No more s'mores: campfire ban in most of western B.C. comes into effect Wednesday
High temperatures, no rain in forecast prompt wildfire service to prohibit open burning in Coastal Fire Centre
All open burning, including campfires, will be banned in most of western B.C. effective Wednesday at noon PT.
The B.C. Wildfire Service says the ban applies within the Coastal Fire Centre, which extends northwest from E.C. Manning Provincial Park to Tweedsmuir South Provincial Park and includes the Lower Mainland, Vancouver Island, the Sunshine Coast and Gulf Islands.
Haida Gwaii and the two kilometre-wide band known as the fog zone along the west coast of Vancouver Island are currently exempt from the ban.
Effective Wednesday, July 18, 2018 at noon: all open burning - including campfires, to be prohibited in the Coastal Fire Centre (excluding Haida Gwaiii and the Fog Zone) in order to prevent human-caused wildfires and protect public safety. Full details: <a href="https://t.co/osLqWBZ0VP">https://t.co/osLqWBZ0VP</a> <a href="https://t.co/gULWQzy0Jc">pic.twitter.com/gULWQzy0Jc</a>—@BCGovFireInfo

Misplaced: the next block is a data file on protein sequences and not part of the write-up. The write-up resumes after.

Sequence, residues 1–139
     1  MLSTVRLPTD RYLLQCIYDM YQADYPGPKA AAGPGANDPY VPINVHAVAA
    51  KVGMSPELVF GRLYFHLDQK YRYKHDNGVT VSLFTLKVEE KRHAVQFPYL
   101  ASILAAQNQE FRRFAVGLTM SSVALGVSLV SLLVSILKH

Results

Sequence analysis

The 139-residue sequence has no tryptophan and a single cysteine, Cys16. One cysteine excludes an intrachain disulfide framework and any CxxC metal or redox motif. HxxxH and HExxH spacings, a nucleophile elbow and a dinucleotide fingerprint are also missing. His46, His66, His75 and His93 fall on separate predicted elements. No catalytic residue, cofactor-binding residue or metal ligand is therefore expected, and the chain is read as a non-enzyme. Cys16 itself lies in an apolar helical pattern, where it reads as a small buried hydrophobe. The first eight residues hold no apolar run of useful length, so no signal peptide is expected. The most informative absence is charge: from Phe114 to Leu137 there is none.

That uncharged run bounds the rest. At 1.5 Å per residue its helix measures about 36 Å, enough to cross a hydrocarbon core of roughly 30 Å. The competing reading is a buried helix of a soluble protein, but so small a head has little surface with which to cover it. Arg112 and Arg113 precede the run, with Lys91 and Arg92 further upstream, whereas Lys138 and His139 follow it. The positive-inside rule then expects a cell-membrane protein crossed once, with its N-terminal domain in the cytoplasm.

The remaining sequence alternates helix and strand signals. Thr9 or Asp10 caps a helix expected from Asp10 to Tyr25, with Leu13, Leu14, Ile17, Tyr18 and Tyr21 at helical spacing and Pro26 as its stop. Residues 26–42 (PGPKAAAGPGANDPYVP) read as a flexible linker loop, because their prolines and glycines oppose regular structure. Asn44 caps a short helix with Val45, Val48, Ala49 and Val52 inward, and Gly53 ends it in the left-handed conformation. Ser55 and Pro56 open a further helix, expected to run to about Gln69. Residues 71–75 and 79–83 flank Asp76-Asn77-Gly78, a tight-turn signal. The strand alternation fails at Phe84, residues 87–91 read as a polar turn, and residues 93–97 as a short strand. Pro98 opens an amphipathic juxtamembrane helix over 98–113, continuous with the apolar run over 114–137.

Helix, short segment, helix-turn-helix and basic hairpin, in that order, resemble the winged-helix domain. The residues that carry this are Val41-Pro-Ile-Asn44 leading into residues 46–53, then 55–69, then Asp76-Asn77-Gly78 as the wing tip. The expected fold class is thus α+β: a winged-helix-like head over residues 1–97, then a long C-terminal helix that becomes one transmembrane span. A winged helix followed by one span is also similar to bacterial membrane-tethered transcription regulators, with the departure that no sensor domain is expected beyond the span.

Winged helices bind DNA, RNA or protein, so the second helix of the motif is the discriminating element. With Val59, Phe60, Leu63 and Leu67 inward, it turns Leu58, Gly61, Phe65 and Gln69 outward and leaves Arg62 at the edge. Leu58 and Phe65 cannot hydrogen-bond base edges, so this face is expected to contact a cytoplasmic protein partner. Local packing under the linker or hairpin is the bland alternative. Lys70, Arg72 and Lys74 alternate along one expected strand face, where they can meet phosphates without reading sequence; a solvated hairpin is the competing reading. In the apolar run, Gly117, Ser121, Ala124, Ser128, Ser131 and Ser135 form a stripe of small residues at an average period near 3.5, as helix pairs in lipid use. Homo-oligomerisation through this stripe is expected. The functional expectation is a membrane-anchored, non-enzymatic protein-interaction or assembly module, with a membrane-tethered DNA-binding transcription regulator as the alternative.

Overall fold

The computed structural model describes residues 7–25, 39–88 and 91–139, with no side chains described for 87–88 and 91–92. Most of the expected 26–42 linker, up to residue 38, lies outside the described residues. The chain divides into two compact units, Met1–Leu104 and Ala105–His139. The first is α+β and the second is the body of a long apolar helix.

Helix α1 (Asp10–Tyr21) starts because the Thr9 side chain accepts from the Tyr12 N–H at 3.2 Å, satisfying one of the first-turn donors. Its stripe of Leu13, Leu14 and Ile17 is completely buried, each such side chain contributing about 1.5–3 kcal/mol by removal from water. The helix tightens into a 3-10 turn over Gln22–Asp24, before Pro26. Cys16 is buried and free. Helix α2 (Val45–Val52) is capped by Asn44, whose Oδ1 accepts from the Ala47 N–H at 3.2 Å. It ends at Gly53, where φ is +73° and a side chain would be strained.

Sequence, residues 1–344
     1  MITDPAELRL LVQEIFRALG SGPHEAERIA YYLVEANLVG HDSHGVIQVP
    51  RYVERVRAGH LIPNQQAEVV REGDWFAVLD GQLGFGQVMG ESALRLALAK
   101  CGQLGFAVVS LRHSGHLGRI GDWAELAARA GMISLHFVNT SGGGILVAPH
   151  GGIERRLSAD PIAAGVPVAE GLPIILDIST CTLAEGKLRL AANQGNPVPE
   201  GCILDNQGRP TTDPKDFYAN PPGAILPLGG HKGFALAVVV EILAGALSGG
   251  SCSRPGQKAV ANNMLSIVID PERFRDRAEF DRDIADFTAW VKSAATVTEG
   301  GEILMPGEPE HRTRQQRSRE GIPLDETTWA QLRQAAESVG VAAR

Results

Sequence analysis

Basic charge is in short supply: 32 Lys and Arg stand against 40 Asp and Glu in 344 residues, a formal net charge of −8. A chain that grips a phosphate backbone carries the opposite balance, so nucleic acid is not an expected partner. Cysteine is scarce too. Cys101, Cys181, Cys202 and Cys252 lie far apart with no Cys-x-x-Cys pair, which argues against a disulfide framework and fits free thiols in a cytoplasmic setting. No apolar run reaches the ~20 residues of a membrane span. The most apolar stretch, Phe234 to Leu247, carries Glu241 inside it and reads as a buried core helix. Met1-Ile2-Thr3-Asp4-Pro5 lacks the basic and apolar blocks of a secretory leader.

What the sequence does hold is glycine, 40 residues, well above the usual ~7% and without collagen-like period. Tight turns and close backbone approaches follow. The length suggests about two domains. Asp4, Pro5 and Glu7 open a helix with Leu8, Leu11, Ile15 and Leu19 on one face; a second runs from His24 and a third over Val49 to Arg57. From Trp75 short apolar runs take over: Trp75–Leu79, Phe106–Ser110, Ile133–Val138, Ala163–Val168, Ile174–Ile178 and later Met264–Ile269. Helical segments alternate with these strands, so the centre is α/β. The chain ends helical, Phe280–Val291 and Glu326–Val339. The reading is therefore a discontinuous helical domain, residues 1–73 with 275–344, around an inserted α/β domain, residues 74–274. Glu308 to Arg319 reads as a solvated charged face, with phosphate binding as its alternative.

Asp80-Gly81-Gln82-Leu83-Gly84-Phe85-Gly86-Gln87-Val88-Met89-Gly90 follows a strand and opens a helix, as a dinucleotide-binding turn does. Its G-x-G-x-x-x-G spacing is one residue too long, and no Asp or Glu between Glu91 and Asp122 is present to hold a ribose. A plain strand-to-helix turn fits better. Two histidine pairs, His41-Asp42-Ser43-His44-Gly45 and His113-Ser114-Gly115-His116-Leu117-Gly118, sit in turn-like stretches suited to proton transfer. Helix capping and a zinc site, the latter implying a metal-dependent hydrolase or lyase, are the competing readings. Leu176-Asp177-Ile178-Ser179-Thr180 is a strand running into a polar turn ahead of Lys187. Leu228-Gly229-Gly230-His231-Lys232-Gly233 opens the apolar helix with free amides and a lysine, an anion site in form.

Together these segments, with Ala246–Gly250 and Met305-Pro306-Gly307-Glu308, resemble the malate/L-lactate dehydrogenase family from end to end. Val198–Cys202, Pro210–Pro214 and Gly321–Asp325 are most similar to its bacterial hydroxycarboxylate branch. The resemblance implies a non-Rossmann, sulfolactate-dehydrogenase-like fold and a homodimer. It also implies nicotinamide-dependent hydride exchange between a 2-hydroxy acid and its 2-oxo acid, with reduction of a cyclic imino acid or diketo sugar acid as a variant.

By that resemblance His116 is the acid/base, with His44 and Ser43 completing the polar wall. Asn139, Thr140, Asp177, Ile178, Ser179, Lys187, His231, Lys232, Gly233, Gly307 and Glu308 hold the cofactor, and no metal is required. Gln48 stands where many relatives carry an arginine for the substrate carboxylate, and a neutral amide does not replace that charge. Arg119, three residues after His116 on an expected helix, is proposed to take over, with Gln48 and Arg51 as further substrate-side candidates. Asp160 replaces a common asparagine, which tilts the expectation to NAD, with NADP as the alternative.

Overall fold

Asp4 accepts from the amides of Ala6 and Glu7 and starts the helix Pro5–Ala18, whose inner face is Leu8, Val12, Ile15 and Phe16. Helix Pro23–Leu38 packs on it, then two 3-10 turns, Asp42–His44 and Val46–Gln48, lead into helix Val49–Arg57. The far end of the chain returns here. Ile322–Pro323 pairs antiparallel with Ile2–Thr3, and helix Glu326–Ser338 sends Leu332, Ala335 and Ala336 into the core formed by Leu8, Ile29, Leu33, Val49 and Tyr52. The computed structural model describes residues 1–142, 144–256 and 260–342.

'Human-caused wildfires are entirely preventable'
The wildfire service says the ban is being put in place due to high temperatures and a short-term weather forecast that shows no rain.
Human-caused wildfires have been responsible for 69 per cent of wildfires in the Coastal Fire Centre since April 1, the B.C. Wildfire Service said in a release.
"Human-caused wildfires are entirely preventable, and can divert critical firefighting resources away from naturally occurring wildfires," the release said.
Substantial lightning activity across B.C. has led to a busy evening. 38 new wildfires began today - this number is expected to rise as more are discovered tomorrow. Urgent updates to be posted as needed overnight, otherwise new information to be provided tomorrow.—@BCGovFireInfo
All public and private land is subject to the ban, which also extends to the use of non-CSA or ULC approved stoves or campfire apparatuses, tiki torches, fireworks or sky lanterns.
The ban will remain in place until Oct. 19, or until otherwise notified.
Anyone caught violating the prohibition may be fined up to $100,000 and/or sentenced to one year in jail. In the case that illegal burning causes or contributes to a wildfire, those responsible could be ordered to pay for all firefighting and related costs.